When Daniil Krimer graduated with his M.F.A. in acting in 2019, he had no way of knowing the kinds of changes that were on the horizon.
When he founded the Kane Repertory Theatre in St. Charles, Illinois, in 2019 and became its artistic director, he had no idea that the world—and particularly the theater arts world—would grind to a halt in the face of the COVID-19 pandemic soon after. But through creative adaptation, Krimer and his partner, Managing Director Avery Bowne, M.F.A. ’19, have found new and impressive ways to deliver fine theater to audiences during this unprecedented time.
“My job as artistic director is one that is often sporadic and doesn’t have a set schedule,” Krimer said. “It usually involves Avery and I, starting the day with a phone call, talking through everything that has to be done for the day. Some days that includes being on the phone with agents, sometimes that’s reading a bunch of new plays, and sometimes that is putting together marketing and press release materials.”
But in a new virtual world, the work of an artistic director has had to be even more reactive and flexible than ever.
“There is such a long way to go, but I do think Avery and I did something which was deemed impossible by most performing arts organizations—we grew during COVID,” he said. “We were able to innovate ways to grow the size of our network, audience reach, and donors, all during this awful period of COVID-19. I think that is definitely an accomplishment.”
Attracting up-and-coming playwrights and Oscar-nominated stars has been one way Krimer and his company have maintained success during a challenging time.
Running from April 10-May 2, the Kane Repertory Theatre hosted the world premiere online production of Hammaad Chaudry’s “Security.” The cast included Academy Award and three-time Golden Globe nominee Eric Roberts, as Homeland Security agent Brian, playing opposite Harsh J. Gagoomal’s Riaz. When 17-year-old Riaz arrives from Britain to the United States for the first time and is stopped at the airport by a Homeland Security officer named Brian, the experience changes his life forever. Thirteen years later, a grown up Riaz returns to the United States, hunts down Brian at his home, and now interrogates him, returning the favor.
The online production was a blend of film and theatre. Green screens and professional film set-ups will be sent to the cast in their individual locations, and with the work of a top-notch video editor, the final production will look and feel as if both actors are sharing the same space.
Krimer credits NIU with helping him build his acting skills as well as his ability to ignite passion for the arts in others, even in the face of adversity.
“One of my favorite memories from my time at NIU is teaching the THEA 110 Acting Fundamentals for the non-major students,” he said. “I got to teach acting to a lot of non-majors, and it was always so exciting to inspire passion for the art form to someone who registered for the class just to get a general education credit out of the way.”
Krimer went to graduate school because he wanted to be in control of his craft as an actor.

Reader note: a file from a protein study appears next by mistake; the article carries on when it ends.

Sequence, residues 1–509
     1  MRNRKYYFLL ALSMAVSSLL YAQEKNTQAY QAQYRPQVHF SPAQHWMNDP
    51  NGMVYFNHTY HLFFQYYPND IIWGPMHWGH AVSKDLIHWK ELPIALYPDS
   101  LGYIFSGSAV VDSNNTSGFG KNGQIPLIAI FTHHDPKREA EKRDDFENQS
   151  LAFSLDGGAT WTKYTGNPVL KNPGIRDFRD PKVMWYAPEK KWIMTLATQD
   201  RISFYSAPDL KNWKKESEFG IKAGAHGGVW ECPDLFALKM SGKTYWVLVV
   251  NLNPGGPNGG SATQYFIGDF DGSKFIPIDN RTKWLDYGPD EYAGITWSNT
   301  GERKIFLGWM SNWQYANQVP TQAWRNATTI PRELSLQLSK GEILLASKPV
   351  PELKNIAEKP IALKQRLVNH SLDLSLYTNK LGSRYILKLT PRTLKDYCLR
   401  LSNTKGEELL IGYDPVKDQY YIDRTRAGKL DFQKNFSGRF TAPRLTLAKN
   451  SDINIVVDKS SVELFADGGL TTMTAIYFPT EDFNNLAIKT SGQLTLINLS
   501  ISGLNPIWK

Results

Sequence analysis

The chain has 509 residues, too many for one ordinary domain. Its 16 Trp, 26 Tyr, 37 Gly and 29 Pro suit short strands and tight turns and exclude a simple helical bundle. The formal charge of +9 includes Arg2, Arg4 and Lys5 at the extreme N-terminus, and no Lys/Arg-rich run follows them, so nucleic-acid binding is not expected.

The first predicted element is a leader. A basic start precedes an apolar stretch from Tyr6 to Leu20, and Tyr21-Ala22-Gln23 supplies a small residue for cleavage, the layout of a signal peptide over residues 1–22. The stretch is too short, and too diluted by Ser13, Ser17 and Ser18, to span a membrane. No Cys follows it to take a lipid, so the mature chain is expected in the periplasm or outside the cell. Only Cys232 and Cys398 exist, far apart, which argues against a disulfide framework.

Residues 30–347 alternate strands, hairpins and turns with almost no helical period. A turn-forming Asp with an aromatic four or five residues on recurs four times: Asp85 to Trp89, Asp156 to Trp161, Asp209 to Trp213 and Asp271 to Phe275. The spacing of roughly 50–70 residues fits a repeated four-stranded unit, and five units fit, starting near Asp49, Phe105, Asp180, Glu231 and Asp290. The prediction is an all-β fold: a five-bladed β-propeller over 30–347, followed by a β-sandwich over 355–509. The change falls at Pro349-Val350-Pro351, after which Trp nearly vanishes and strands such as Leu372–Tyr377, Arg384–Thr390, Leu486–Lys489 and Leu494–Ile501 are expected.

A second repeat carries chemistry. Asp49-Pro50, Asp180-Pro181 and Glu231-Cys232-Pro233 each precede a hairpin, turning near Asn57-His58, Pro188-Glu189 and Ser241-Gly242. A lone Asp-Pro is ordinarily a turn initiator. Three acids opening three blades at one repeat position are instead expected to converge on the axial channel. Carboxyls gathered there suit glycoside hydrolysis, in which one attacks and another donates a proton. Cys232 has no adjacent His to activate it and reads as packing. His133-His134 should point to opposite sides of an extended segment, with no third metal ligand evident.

“I wanted my craft to be tangible, offering strong performances with consistency,” he said. “NIU provided me with the classes and learning opportunities to develop that skill. It really was in some ways the perfect place for me to grow. I don’t know that there is another M.F.A. acting program in the country that would have resonated with me the way NIU did.”
Krimer is clear that he chose to attend NIU because of Patricia Skarbinski, the head of the University’s M.F.A. acting program.
“After I interviewed with her and took a workshop with her in New York City back in 2016, I knew NIU was the school for me,” he said. ”Patricia Skarbinski is more than a teacher. She is a guru. I learned so much from her I don’t know where to start. She and a handful of other professors taught me the craft of acting, and I left school being confident that you could give me any play, TV or film script or commercial copy, and I would be bring that text to life. What those professors did for me is no small feat.”
Krimer also said his graduate school allowed him to form deep bonds with his classmates, which proved to be a great beginning for the theater.
“Considering I spent all three years of graduate school with the same 15 people, a majority of the classmates I graduated with are my dear friends,” Krimer said. “Starting a theater company with my classmate, Avery, grew from this foundation. The reason we are compatible professionally is because our time in graduate school together has instilled a deep understanding of one another’s artistic, entrepreneurial and societal sensibilities.”
So, after such surprise success, what is Krimer’s advice to other actors who may be discouraged in their careers by this difficult moment in history?
“Do not put yourself in a box. Do not live your life thinking there is a ceiling for your future,” he said. “So many people create boundaries for themselves without letting themselves actually take risks. Challenge yourself to apply for that scholarship or fellowship that you think you might not be worthy of. Challenge yourself to reach out to one of your industry idols and try to set up a meeting. We only have one shot at this thing called life, and every opportunity you don’t take a chance on is an opportunity wasted.”